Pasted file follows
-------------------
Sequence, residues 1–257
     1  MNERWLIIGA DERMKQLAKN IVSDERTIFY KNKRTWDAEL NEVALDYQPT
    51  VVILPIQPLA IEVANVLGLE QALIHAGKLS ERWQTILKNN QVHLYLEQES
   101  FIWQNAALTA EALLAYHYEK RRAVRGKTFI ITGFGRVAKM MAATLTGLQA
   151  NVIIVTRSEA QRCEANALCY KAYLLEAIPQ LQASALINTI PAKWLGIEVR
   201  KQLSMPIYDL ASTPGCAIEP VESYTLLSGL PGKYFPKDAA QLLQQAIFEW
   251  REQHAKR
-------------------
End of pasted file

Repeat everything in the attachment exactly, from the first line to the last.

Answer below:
Sequence, residues 1–257
     1  MNERWLIIGA DERMKQLAKN IVSDERTIFY KNKRTWDAEL NEVALDYQPT
    51  VVILPIQPLA IEVANVLGLE QALIHAGKLS ERWQTILKNN QVHLYLEQES
   101  FIWQNAALTA EALLAYHYEK RRAVRGKTFI ITGFGRVAKM MAATLTGLQA
   151  NVIIVTRSEA QRCEANALCY KAYLLEAIPQ LQASALINTI PAKWLGIEVR
   201  KQLSMPIYDL ASTPGCAIEP VESYTLLSGL PGKYFPKDAA QLLQQAIFEW
   251  REQHAKR